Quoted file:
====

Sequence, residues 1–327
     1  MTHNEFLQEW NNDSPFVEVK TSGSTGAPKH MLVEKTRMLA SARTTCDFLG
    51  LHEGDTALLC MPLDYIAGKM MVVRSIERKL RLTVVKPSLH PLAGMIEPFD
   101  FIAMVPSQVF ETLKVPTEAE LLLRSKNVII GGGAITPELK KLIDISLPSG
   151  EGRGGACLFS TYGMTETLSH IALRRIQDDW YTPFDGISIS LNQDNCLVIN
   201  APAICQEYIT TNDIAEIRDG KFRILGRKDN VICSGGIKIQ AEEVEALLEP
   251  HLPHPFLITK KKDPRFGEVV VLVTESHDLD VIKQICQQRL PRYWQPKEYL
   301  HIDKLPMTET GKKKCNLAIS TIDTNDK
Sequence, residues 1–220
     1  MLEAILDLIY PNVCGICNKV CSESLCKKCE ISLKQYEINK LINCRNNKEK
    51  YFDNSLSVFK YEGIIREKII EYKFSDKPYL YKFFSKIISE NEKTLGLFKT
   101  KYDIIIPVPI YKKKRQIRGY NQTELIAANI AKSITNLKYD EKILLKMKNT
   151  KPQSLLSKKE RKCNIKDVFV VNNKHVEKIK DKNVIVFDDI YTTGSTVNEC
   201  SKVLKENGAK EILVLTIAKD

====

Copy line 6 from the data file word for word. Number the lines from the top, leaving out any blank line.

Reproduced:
   201  APAICQEYIT TNDIAEIRDG KFRILGRKDN VICSGGIKIQ AEEVEALLEP